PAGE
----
The Arizona Biltmore’s Mystery Room Was a Prohibition-Era Playground
For those in the know, the Arizona Biltmore’s Mystery Room was a Prohibition-era playground.
Photography by Kevin Kaminski
On the second floor of the Arizona Biltmore hotel, down an unremarkable, low-ceilinged hallway punctuated with nondescript administrative office doors hides a gilded jewel box accessible only by invitation. The historic resort is steeped in legend and rumor spanning its 93-year history, and like an ace hidden up its velvet tuxedo sleeve, a secret has been whispered about since the property opened: the Mystery Room.
Although frequently—and erroneously—attributed to Frank Lloyd Wright, the Arizona Biltmore’s architect of record was Albert Chase McArthur, who worked for two and a half years as a draftsman for Wright. The resort was completed in February of 1929—eight months after the stock market crash and nine years into Prohibition, the nationwide law that banned the production, importation, transportation and sale of alcohol from 1920 until 1933.
“What we understand from the stories that have been passed down is that there were no official descriptions of this room because it was illegal,” says historian Ashley Johnson, who guides historic tours on the property. “It was called the Mystery Room because no one was supposed to know about it.”
Also referred to as the Men’s Smoker, where male guests ostensibly went to enjoy cigars but were also known to play poker, the Mystery Room rises from the second to third stories on the hotel’s northwest side, virtually unseen from the building’s exterior. While it is difficult to imagine today, in its early years, the resort was the only structure for miles around and accessible by a lone road. Legend has it that if police were spotted heading toward the property after dark, a sentinel would pivot rooftop spotlights to shine onto the room’s skylights, thus alerting anyone inside to quickly hide the hooch and clear out. Official records or documentation of raids or arrests have not been found.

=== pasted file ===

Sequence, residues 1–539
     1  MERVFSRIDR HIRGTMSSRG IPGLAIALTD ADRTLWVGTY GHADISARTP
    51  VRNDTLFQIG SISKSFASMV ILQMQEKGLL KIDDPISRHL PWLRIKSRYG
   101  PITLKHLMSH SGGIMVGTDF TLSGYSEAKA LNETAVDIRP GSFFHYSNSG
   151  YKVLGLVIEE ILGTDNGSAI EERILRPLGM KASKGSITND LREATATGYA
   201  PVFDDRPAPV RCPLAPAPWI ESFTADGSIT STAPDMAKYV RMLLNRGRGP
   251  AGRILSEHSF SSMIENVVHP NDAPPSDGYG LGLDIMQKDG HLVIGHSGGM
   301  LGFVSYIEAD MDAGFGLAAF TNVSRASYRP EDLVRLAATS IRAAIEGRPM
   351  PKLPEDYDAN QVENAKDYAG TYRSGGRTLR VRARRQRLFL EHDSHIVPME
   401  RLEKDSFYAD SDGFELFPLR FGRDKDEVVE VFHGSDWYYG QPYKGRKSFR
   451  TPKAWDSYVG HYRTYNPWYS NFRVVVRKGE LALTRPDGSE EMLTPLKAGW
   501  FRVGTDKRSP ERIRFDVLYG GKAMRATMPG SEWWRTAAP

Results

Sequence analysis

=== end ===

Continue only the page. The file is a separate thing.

“It can be challenging to separate fact from speculation—or downright fantasy. I think from the get-go it was going to be a men’s smoking room, but, wink wink, nudge nudge, it was also going to be a place to serve alcohol, to party and enjoy yourself,” says architect James Abell, who worked on restoring the hotel after it was damaged by fire in 1973. “I was a 22-year-old draftsman on the project running around with a tape measure verifying dimensions, looking at the water damage. If I had known I’d end up hooked on the history of the resort, I probably would have played hooky more often, crawled through the entire hotel and learned every inch of it.”
Today the Mystery Room is still the subject of whispers and folklore. It can be booked for private events of up to 40 people, is part of the hotel’s history tours, and is the setting of seasonal cocktail classes and other small-scale happenings. “We want to keep this room exclusive, as it always has been,” says Johnson. “When visitors come through the door after walking down the hallway, they always have the same reaction: Wow.”
Arizona Biltmore Hotel, Phoenix, hilton.com/en/hotels/phxbmwa-arizona-biltmore. Bookcase design and construction: insideaoa.com.